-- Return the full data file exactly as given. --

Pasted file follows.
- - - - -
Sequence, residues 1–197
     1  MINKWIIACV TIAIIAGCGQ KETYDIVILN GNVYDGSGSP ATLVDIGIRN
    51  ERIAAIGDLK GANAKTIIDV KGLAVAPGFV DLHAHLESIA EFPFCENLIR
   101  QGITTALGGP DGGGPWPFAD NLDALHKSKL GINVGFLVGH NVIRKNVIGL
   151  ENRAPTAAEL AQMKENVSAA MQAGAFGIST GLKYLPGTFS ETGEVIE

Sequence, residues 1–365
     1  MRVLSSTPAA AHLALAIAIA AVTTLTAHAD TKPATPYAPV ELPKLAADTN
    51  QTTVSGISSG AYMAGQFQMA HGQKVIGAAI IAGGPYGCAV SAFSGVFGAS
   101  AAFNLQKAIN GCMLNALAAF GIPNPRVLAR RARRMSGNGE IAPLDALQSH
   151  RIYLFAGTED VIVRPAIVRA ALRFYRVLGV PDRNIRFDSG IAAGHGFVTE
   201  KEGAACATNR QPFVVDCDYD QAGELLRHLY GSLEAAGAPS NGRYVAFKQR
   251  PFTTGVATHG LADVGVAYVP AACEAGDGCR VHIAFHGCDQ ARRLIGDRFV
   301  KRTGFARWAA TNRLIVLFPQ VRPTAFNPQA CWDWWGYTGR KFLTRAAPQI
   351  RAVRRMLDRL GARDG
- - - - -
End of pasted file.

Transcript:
Sequence, residues 1–197
     1  MINKWIIACV TIAIIAGCGQ KETYDIVILN GNVYDGSGSP ATLVDIGIRN
    51  ERIAAIGDLK GANAKTIIDV KGLAVAPGFV DLHAHLESIA EFPFCENLIR
   101  QGITTALGGP DGGGPWPFAD NLDALHKSKL GINVGFLVGH NVIRKNVIGL
   151  ENRAPTAAEL AQMKENVSAA MQAGAFGIST GLKYLPGTFS ETGEVIE

Sequence, residues 1–365
     1  MRVLSSTPAA AHLALAIAIA AVTTLTAHAD TKPATPYAPV ELPKLAADTN
    51  QTTVSGISSG AYMAGQFQMA HGQKVIGAAI IAGGPYGCAV SAFSGVFGAS
   101  AAFNLQKAIN GCMLNALAAF GIPNPRVLAR RARRMSGNGE IAPLDALQSH
   151  RIYLFAGTED VIVRPAIVRA ALRFYRVLGV PDRNIRFDSG IAAGHGFVTE
   201  KEGAACATNR QPFVVDCDYD QAGELLRHLY GSLEAAGAPS NGRYVAFKQR
   251  PFTTGVATHG LADVGVAYVP AACEAGDGCR VHIAFHGCDQ ARRLIGDRFV
   301  KRTGFARWAA TNRLIVLFPQ VRPTAFNPQA CWDWWGYTGR KFLTRAAPQI
   351  RAVRRMLDRL GARDG